The Happiest Musical Ever Made is Irving Berlin's Easter Parade
On the day before Easter in 1911, Don Hewes is crushed when his dancing partner (and object of affection) Nadine Hale refuses to start a new contract with him. To prove Nadine's not important to him, Don acquires innocent new protegee Hannah Brown, vowing to make her a star in time for next year's Easter parade.
“A girl dancer has to be exotic; she has to be - a peach.”
-Don Hewes (Fred Astaire)
I’ve probably said it before, but I’ve never really been that much of a fan of the musical sub-genre, bar several notable exceptions. I would wager that it is actually one of the hardest to work within, since not only is there strong competition, but it really takes something special, some magic spark, in order for one to differentiate itself against other similarly themed films. What this usually results in are several truly great musicals, yet hundreds of poor knock-offs and cheap imitations.
Recently however I have cultivated my love/hate affair with the genre with some sincerely solid entries. Between this, Bye…
By far the best bit of this movie is early on in the running time, when the wonderful Fred Astaire has a routine in a toy shop, to the Berlin number ‘Drum Crazy'.
He's there to get an Easter present for his dancing partner (played with energy by Ann Miller), but she has a bombshell to drop: she's leaving him to join a bigger name stage show, and he's left high and dry without an act.
Step forward Judy Garland, as a waitress who Fred thinks might be able to sing and dance. At first she's reluctant, and hopeless, but of course, this being MGM mush she falls for Fred and suddenly finds her talent. At this sort of thing…
An excellent return for Astaire. I liked how, upon coming out of retirement, he plays a character who gets a new start by breaking away from his usual ballroom style. Garland is also great, switching easily between goofy and classy. Wonderful performances from Ann Miller and a nice supporting role for Lawford. Highly recommended.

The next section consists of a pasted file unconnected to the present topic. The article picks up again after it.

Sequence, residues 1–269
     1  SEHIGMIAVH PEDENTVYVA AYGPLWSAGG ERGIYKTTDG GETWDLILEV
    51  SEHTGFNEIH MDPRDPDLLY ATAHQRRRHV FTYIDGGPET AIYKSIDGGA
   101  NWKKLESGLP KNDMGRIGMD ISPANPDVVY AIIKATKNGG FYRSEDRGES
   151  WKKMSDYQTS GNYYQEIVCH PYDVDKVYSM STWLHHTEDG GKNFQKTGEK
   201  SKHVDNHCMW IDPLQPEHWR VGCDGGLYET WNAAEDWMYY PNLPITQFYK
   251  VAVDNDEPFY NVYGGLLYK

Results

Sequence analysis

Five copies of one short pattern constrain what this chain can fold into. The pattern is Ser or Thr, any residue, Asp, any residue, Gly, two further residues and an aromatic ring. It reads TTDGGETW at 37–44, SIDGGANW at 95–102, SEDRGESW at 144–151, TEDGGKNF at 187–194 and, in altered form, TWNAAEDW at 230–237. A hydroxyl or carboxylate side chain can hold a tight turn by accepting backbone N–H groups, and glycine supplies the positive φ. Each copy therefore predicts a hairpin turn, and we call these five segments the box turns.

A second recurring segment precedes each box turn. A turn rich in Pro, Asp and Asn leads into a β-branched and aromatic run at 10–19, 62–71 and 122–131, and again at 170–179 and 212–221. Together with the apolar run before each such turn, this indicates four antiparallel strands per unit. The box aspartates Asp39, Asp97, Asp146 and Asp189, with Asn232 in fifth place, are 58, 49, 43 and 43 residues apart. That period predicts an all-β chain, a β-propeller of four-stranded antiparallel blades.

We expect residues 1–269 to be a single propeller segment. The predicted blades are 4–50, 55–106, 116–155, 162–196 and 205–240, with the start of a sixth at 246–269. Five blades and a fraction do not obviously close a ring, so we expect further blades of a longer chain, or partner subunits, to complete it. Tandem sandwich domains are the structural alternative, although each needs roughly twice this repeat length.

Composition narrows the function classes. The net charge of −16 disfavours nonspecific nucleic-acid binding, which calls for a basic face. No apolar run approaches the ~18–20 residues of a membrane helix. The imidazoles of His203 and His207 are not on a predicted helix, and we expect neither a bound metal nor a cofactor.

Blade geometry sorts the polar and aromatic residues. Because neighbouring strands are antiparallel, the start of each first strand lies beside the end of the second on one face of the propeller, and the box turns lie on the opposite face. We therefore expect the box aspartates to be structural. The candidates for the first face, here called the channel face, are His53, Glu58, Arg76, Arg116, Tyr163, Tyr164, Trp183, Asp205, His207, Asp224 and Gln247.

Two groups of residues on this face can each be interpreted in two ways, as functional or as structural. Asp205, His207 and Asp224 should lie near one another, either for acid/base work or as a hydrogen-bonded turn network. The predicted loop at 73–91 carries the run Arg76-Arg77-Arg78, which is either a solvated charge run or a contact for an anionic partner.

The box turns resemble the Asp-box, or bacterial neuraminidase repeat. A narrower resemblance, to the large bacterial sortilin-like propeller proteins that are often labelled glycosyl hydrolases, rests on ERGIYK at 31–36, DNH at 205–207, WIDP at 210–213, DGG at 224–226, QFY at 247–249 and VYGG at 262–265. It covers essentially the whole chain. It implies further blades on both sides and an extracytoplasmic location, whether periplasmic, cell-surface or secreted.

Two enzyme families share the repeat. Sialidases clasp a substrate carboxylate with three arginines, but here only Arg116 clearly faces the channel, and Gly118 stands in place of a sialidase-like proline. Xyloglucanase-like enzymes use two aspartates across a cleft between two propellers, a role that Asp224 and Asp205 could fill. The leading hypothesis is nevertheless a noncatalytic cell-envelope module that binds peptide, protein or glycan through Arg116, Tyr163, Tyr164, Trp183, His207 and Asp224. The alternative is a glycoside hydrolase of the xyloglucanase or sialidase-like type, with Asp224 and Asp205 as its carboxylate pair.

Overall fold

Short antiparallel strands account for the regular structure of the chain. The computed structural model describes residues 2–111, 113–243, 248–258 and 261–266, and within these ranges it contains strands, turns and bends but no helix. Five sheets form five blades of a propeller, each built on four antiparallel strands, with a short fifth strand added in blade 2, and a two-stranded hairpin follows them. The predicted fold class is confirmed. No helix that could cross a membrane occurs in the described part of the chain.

Judy Garland and Fred Astaire are a match made in heaven, and they prove it since the first scene they display their talents combined..
Had a hard time staying interested. Probably needed a surer hand like Minnelli's to guide this colorful ship to easy waters.
Three of the greatest musical stars that ever lived - Fred Astaire, Judy Garland, and Ann Miller - are at their best in this wonderful film filled with some of Irving Berlin's finest songs. Highlights include Fred Astaire's tap dance through a toy shop in 'Drum Crazy' and Ann Miller's show stopping 'Shaking the Blues Away' (which she, incredibly, performed while in immense pain and wearing a back brace).
A fine Musical.
A decent musical, although it's pretty standard. I do not for one minute believe Fred Astaire and Judy Garland as a couple. Worth a watch for Ann Miller, who I adore and who dances her butt off!
Not my favorite Fred Astaire musical, but Judy Garland is otherworldly adorable and some of the dance sequences are quite astounding. Still doesn't hold a candle to Singin' In The Rain, but the Technicolor extravagance makes for a wonderful Blu-ray transfer.
Better than decent backstage musical with a couple of staggering numbers (Astaire's slow motion simulation for "Steppin' Out" is remarkable) and glorious Technicolor, etc...